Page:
For nearly 2000, "lead white" was an important pigment used in white paint. In 1904 Sherwin-Williams, a paint manufacturer, reported on the dangers of paint containing lead pigment. From that time paint manufacturers began moving away from lead pigments and titanium pigment was the most viable replacement. Today, most of the white paint manufactured has titanium dioxide as its pigment.

Titanium dioxide is pressed into the fibers of high quality papers to improve their whiteness, brightness, and texture. It is added to skim milk to improve its whiteness and opacity. It is added to toothpaste, rubber, plastics, cosmetics, sunscreen, and many food products for the same reason. These are materials used by almost every person on Earth almost every day. Few people realize the role that titanium plays within them. It can be used in foods, cosmetics and other products that people consume because it is inert.

Titanium dioxide powder is also graded to specific particle sizes for use as a polishing compound. It is used for polishing gemstones, metals and other materials. It is often less effective than other polishes but when it is effective can provide a cost savings.

heavy mineral sand

Heavy Mineral Sand: Shallow digging at Folly Beach, South Carolina, exposes thin layers of heavy-mineral sands. Most of the ilmenite mined today is from sands with a heavy mineral concentration. Photograph by Carleton Bern, United States Geological Survey.

Where Does Titanium Come From?

Most of the world's titanium is produced by mining heavy mineral sands. These sands occur down-gradient from exposed masses of igneous rock such as gabbro, norite, and anorthosite. These rocks contain titanium-bearing minerals such as ilmenite, anatase, brookite, leucoxene, perovskite, rutile, and sphene.

When these rocks are broken down by weathering, the titanium mierals are among the most resistant. They are concentrated by weathering and transported downstream as grains of sand and silt. Eventually, they are deposited as sand along the coastline of a continent. This is where they are usually dredged or mined. Mining also occurs at inland locations where titanium minerals were deposited during periods of sea level higher than what we know today.

These heavy mineral sands might contain a few percent by weight of ilmenite and other titanium minerals. After the sand it mined it goes to a processing plant that recovers titanium-bearing minerals. Other valuable minerals might be recovered at the same time. They are then processed or sold for the production of titanium metal or titanium dioxide. The sand is then returned to the location where it was mined and the beach is reclaimed.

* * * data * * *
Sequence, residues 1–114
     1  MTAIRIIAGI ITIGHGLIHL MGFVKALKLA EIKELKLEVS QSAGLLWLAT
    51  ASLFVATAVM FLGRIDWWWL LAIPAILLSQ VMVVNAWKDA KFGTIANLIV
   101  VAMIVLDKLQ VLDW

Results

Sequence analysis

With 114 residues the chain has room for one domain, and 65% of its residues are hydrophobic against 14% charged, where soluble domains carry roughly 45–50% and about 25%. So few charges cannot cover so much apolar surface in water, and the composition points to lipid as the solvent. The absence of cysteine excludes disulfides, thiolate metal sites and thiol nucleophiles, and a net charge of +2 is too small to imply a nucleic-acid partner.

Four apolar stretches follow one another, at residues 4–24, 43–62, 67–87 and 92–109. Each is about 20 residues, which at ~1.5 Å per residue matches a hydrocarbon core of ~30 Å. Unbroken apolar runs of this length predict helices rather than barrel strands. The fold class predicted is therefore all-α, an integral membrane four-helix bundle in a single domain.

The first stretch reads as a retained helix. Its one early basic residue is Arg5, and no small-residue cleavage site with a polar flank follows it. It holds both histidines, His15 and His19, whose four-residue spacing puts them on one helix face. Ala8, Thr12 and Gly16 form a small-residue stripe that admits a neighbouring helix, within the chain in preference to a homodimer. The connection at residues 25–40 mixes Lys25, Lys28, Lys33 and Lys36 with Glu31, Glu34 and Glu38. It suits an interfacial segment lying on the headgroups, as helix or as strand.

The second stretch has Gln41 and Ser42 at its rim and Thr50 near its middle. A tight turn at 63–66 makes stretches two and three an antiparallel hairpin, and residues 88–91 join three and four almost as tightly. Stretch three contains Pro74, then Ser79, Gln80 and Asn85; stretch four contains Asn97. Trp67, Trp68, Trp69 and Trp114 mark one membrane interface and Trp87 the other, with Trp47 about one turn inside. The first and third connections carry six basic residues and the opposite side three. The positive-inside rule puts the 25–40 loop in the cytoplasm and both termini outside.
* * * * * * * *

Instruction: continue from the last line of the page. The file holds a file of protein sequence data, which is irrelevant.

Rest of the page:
titanium in soils and stream sediments

Titanium in Stream Sediments and Soils: A map showing the abundance of titanium, in the form of titanium dioxide, in stream sediments and soils of part of the eastern United States. A titanium rich zone corresponding to the Virginia Blue Ridge physiographic province shows values of over 3% by weight titanium dioxide, United States Geological Survey.

Titanium Production in the United States

The United States uses more titanium minerals than it currently produces, making it a net importer of titanium. A limited amount of dredging has occurred off the Atlantic coast of Florida. There shoreline sediments are dredged and processed to remove heavy mineral sands. Ilmenite is the primary titanium-bearing mineral recovered by this activity.

Onshore mining has occurred at numerous locations in Virginia. There an ilmenite-bearing anorthosite body in the Blue Ridge physiographic province has been exposed by erosion. Sediments derived from this erosion can locally contain a few percent heavy minerals by weight, with ilmenite being the primary titanium-bearing mineral. These deposits have been excavated and processed to remove their heavy mineral content. The area where this mining occurs corresponds to titanium-rich stream sediments and soils sampled, analyzed and mapped by the National Geochemical Survey (see map at right).

To meet its titanium requirements, the United Statets imports titanium mineral concentrates. Leading titanium producers include: Australia, Canada, China, Japan, Kenya, Madagascar, Mozambique, Norway, Russia, Saudi Arabia, Senegal, Sierra Leone, and South Africa.